The Saint Bernard dog is a large and powerful breed known for its gentle and friendly nature.
If you are about to adopt a Saint Bernard dog, please join DailyPets.net to learn about this breed’s origin, characteristics, and care below.
Origin and History of the Saint Bernard Dog Breed
The Saint Bernard dog breed originates from Switzerland, along with several other breeds, including the Bernese Mountain Dog, Entlebuch Cattle Dog, Appenzell Cattle Dog, and large Swiss Mountain Dogs. They may have been created when Alpine dogs were crossed with Mastiff-type dogs accompanying the Roman army during the reign of Emperor Augustus. In the first millennium, dogs in Switzerland and the Alpine region were grouped and referred to as “Talhund” (Valley Dog) or “Bauernhund” (Farm Dog).
The Saint Bernard Pass is a famous and treacherous high mountain pass located about 8,000 feet above sea level, and it can only be traversed from July to September. Today, remnants of the great Roman road can still be seen, along with evidence of Napoleon’s crossing.
Archdeacon Bernard de Menthon visited this pass, which would eventually bear his name, in 962 AD. There, he established his hospice, aiding travelers who had crossed the dangerous route. This is when the history of the Saint Bernard diverged from the Talhund or Bauernhund.
It is unclear which dogs were initially used by the hospice, but a painting depicting shorthaired dogs remarkably similar to Saint Bernard’s was created in 1695. The first recorded mention of this breed in the monastery’s records occurred in 1703.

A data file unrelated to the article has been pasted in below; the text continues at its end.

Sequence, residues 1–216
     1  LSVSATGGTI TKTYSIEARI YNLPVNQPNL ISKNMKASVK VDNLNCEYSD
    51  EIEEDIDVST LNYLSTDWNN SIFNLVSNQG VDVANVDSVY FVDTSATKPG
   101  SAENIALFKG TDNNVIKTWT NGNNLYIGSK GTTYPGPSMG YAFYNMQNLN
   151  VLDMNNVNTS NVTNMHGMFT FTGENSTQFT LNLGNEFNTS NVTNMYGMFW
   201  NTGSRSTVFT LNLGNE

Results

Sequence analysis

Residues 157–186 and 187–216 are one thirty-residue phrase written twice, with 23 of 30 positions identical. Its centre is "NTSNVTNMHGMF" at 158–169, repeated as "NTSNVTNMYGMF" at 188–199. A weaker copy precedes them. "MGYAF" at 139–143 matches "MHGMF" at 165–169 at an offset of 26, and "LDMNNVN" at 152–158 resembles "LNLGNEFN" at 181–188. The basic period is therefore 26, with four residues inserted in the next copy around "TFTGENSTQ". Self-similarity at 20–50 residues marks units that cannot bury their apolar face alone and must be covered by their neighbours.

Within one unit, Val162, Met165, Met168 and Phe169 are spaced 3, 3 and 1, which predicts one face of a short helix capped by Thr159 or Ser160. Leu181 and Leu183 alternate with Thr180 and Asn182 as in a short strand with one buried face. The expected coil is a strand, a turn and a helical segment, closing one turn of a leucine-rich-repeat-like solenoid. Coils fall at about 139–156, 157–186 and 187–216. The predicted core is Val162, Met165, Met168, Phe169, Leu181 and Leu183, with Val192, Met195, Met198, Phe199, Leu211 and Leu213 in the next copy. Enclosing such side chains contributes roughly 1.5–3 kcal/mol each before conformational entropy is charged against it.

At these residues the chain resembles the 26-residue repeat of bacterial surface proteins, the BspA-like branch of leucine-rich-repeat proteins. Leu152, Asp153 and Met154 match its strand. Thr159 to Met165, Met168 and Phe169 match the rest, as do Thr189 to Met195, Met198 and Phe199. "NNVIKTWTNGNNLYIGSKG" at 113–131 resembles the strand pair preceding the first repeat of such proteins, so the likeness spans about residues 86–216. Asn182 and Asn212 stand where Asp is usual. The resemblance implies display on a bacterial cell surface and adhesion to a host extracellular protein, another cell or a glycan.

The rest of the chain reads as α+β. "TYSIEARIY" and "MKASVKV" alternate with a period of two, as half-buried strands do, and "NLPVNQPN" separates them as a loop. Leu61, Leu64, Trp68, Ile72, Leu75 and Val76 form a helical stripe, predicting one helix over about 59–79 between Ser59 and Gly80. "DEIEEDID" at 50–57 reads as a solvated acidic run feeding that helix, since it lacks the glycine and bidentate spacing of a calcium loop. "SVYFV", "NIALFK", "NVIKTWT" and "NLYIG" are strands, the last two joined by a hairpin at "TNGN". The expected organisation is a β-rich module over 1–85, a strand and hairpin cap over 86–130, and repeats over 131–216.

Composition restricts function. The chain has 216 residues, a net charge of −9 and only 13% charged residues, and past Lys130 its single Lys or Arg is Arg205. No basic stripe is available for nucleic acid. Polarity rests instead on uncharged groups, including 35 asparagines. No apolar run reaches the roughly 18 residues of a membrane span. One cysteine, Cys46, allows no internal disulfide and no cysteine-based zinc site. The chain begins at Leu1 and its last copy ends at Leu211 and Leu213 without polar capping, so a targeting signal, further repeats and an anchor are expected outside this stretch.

Saint Bernard dogs were initially likely used by the hospice monks to guard their base. When the monks searched for lost travelers, they may have brought these dogs along for protection and discovered they were excellent guides for locating lost travelers. The isolation of the monastery likely contributed to refining these dogs into a breed that could withstand harsh winter conditions and possess the necessary physical characteristics for search and rescue work. They were not selective in their diet, eating dog kibble or human leftovers.
The breeding stock for the hospice dogs was occasionally supplemented with dogs from lower valleys, many of which were the offspring of hospice dogs that were not needed at birth. In 1830, the monks attempted to improve their dogs’ “coats” by crossing them with heavily coated Newfoundlands. This proved a mistake, as the longer-haired dogs fared worse in cold conditions, especially since grooming tools were not as advanced as today. After that, the monks gave away or sold any longhaired puppies they produced to prevent further breeding.